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PM 'satisfied' with China visit
Nikhil Lakshman aboard Air India One | January 15, 2008 23:23 IST
Engaging India is a historical necessity and in China's interest, Prime Minister Manmohan Singh [Images] said on Tuesday, explaining the reasons for the desire to improve India-China relations at the highest levels of the Chinese leadership. "Just as engaging China is a historical necessity for us and in our interest."
"If India is strong economically, politically, socially, the world respects you more and more," Dr Singh added. "More and more countries realise that engaging India is in their interest."
The prime minister said he returns to India firm with the belief that the Chinese leadership at the highest level wants to give a thrust to the India-China strategic relationship. "I am very satisfied with outcome of my visit," Dr Singh said, clearly pleased at what he had achieved during his three-day maiden journey to Beijing [Images].
"I have had a constructive and very productive visit," he said. "All the meetings I had with Chinese leaders were characterised by frankness and great warmth. As I see it, this visit marks the maturity of the process of strategic cooperation and peace that we began in April 2005."
He revealed that he had "very detailed discussions" on the boundary issue with the Chinese leaders, which he said both sides recognised as a "complex and complicated" issue.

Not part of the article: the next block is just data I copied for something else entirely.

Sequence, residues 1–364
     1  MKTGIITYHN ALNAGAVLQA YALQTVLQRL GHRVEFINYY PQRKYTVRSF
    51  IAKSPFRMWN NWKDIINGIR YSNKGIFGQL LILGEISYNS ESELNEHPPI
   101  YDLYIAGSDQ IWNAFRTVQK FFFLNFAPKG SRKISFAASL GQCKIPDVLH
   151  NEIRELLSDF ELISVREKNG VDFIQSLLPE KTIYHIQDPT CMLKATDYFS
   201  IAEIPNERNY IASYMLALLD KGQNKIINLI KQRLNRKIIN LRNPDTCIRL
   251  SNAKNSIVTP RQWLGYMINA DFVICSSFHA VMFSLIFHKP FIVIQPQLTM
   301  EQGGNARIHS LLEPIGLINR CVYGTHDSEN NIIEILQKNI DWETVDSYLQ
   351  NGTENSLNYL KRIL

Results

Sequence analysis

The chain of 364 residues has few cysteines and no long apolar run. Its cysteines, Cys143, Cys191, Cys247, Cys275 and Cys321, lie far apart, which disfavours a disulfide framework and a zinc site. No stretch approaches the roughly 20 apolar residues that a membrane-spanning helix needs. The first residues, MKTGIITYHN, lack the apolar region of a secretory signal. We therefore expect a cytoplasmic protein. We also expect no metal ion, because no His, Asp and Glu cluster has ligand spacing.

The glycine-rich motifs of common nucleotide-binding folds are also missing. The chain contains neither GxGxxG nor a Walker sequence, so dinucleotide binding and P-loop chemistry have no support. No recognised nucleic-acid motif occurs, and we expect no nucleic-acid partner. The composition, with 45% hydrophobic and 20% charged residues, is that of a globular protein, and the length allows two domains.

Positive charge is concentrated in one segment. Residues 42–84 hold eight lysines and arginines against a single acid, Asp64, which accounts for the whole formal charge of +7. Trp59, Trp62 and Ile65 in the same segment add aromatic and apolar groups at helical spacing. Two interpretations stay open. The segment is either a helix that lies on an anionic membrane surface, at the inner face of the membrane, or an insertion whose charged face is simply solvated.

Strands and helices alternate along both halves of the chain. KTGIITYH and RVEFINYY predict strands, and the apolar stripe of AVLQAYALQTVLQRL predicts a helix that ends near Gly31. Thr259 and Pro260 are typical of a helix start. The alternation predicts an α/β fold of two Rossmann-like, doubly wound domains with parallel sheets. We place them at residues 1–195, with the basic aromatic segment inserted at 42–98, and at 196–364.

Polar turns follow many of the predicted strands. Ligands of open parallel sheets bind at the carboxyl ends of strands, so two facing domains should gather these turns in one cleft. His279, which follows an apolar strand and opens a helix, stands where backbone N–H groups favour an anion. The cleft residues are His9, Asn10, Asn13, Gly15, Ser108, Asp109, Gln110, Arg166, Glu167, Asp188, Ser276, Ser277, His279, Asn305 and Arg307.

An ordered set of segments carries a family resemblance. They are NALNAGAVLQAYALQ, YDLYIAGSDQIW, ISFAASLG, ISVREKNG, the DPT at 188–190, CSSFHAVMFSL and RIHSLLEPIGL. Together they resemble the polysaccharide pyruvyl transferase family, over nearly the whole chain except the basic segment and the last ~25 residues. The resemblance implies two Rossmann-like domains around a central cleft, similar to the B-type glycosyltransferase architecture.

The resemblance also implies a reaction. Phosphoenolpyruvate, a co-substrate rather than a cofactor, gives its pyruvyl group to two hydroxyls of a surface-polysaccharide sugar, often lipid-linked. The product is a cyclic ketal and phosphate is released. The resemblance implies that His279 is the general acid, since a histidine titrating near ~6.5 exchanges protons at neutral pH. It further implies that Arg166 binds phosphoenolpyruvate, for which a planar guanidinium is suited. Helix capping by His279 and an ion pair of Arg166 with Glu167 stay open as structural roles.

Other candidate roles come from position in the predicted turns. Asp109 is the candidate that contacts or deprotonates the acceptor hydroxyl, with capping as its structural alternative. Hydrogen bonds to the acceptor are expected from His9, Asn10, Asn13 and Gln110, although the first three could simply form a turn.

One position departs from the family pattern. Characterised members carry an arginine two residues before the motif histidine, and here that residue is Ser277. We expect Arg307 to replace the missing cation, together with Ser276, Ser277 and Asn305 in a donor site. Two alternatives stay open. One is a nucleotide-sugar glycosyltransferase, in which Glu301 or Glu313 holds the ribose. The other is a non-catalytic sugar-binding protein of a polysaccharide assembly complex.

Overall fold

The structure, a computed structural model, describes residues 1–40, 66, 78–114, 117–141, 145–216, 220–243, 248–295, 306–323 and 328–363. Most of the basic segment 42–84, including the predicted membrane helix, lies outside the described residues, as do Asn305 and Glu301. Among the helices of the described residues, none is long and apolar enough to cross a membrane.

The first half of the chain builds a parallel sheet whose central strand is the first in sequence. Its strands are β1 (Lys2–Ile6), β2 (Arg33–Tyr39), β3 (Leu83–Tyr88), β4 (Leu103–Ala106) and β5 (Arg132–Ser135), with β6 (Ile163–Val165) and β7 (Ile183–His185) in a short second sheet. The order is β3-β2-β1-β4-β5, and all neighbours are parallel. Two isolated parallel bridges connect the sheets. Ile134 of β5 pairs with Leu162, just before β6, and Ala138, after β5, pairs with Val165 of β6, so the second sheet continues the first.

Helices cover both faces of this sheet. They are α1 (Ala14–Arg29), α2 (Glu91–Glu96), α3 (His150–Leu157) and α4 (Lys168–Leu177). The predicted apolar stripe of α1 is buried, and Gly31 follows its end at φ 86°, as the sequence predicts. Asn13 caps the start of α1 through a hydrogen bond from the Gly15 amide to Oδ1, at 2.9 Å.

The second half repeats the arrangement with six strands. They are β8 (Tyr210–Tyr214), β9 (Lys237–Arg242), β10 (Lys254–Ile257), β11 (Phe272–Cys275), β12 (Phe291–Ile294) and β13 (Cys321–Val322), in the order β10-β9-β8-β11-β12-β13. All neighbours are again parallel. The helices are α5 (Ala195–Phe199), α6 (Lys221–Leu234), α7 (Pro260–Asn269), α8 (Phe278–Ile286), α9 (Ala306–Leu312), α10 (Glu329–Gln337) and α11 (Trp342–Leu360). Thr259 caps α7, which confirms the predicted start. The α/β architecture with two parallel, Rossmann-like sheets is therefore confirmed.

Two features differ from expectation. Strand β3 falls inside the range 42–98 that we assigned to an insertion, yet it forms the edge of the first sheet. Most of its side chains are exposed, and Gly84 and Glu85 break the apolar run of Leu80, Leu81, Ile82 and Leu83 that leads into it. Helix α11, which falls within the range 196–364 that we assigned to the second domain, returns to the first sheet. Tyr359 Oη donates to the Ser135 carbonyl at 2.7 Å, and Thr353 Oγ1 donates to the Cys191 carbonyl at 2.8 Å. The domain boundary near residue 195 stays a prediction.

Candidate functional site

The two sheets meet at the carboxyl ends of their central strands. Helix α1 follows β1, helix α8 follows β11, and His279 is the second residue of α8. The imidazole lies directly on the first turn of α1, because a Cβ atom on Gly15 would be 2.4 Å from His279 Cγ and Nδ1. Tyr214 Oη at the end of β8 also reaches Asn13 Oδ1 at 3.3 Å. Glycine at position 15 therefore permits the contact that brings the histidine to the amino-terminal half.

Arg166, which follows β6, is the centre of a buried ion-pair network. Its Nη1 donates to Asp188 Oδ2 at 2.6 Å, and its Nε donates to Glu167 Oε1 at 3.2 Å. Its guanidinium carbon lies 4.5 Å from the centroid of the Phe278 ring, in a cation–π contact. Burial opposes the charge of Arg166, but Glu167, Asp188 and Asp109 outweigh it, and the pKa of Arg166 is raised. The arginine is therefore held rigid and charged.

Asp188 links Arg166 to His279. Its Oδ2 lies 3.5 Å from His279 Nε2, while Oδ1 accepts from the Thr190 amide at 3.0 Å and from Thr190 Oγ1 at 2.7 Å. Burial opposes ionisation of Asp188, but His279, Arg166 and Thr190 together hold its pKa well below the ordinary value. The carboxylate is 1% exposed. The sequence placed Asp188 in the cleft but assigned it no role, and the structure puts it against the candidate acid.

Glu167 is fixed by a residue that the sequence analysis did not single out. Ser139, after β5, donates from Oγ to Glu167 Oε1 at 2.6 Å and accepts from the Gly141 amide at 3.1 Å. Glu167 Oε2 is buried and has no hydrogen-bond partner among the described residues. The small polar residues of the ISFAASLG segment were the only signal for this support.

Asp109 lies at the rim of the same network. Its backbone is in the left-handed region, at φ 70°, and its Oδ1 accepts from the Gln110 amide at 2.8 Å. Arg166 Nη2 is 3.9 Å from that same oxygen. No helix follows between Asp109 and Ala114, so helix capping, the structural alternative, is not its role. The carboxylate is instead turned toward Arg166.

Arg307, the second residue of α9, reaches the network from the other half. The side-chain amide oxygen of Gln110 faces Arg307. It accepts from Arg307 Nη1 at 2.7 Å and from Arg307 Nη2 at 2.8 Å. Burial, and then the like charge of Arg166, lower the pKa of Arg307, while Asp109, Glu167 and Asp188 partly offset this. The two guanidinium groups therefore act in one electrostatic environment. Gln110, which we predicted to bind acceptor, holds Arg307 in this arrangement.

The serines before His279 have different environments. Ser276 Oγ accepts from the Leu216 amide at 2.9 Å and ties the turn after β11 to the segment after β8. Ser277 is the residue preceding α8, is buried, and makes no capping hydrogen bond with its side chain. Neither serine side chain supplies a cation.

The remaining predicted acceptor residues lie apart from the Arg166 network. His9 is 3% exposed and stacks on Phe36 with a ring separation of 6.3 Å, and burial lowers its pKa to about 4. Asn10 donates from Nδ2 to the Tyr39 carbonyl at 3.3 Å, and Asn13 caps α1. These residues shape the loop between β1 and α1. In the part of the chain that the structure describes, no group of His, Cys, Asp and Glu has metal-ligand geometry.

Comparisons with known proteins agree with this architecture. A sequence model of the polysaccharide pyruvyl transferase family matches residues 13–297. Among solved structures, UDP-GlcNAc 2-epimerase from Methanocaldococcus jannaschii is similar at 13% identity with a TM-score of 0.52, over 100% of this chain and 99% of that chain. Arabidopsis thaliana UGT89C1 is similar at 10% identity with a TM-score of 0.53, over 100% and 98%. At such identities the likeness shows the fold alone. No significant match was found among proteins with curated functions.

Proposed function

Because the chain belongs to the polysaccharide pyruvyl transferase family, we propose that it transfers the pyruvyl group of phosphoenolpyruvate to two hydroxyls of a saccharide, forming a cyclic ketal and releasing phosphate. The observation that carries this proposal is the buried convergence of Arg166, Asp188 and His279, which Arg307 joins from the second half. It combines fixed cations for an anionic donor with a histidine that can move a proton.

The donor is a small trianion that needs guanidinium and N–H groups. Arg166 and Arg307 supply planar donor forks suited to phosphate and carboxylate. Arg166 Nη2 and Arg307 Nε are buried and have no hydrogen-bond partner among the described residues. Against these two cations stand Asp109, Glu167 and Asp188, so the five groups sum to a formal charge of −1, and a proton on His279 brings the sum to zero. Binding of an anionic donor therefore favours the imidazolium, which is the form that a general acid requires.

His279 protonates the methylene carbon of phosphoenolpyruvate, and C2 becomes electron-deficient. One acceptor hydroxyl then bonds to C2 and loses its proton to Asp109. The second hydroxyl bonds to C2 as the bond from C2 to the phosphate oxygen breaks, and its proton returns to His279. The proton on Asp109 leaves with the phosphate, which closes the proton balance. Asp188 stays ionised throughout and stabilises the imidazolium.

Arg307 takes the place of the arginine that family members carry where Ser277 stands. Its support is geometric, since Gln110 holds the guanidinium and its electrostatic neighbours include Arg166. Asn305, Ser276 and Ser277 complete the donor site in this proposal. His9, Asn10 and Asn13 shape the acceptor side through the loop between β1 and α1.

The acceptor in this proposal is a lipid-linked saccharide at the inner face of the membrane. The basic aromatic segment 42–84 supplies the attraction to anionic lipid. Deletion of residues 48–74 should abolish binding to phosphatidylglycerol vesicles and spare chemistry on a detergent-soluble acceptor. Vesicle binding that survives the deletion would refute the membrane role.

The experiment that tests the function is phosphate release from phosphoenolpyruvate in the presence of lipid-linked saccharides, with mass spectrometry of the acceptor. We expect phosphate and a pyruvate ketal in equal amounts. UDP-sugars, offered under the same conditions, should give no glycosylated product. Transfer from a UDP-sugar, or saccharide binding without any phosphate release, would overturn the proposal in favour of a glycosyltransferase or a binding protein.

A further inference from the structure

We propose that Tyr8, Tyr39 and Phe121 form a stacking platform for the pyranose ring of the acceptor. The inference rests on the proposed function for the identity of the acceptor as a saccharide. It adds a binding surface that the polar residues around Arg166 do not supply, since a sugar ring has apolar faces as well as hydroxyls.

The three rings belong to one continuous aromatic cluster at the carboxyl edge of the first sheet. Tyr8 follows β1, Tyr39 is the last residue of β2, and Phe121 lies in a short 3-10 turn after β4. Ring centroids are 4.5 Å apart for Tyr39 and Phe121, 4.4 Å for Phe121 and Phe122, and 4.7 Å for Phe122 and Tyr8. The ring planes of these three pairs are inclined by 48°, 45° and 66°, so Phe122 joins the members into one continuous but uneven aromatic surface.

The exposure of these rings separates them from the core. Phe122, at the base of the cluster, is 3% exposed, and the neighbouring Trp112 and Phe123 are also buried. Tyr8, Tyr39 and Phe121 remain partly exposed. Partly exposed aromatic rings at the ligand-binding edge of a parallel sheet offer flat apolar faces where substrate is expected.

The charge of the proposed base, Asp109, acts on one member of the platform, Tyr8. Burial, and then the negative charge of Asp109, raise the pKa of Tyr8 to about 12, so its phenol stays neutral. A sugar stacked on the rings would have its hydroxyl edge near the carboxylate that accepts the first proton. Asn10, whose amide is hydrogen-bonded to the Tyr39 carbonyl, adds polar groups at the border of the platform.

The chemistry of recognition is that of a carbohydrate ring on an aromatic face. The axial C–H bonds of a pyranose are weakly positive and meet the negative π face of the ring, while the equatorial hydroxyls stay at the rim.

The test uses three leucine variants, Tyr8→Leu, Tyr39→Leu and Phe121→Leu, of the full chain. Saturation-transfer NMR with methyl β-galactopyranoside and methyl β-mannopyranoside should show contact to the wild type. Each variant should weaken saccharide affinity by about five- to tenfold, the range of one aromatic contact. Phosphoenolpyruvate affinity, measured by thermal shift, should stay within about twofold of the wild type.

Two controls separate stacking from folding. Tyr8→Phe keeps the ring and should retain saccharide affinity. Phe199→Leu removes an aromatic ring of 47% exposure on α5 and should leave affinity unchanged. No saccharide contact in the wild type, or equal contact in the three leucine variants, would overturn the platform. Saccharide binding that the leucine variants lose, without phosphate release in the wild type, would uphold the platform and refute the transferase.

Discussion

"Both sides realise it will take time to resolve this issue," he said, but wanted "peace and tranquility" to be maintained on the border in accordance with the agreements already in place, even as the prime ministerial emissaries accelerate their efforts to work out an agreed framework to find a solution.
"They (the Chinese leadership) have the political will just as we have the political will to resolve this issue," he added.
Much of the discussions the prime minister had with the Chinese leaders focused on the economy, especially the likelihood of a recession in the West. Dr Singh said both India and China feel they must maintain their "solid growth" in the face of the uncertainty in the world economy and fears of recession in the Western economies because it would benefit not only both countries, but "also Asia and the world."
The prime minister felt India was unlikely to be affected by a global economic meltdown. "India's economy is propelled by domestic demand," he said, "and if domestic demand grows, there is a good chance that we will not be affected by world trends."
The ferment in Pakistan, the prime minister revealed, came up during his discussions with the Chinese leaders, especially President Hu Jintao. The Chinese leadership, he said, is concerned with the situation in Pakistan, and was shocked by Benazir Bhutto's [Images] assassination.
Both nations are also in sync on the issue of climate change, especially the fact that these concerns should not "seek to perpetuate the poverty of developing countries who should not be victims of the environmental degradation" committed by the developing world.
"The gains are incremental," the prime minister conceded, alluding to the language that clarifies China's support for India's membership of the United Nations Security Council in the vision document that he and Chinese Premier Wen Jiabao issued on Monday. But, he said, "The language that has been used is an improvement on the previous one, and clearly a step forward on an expanded UN Security Council."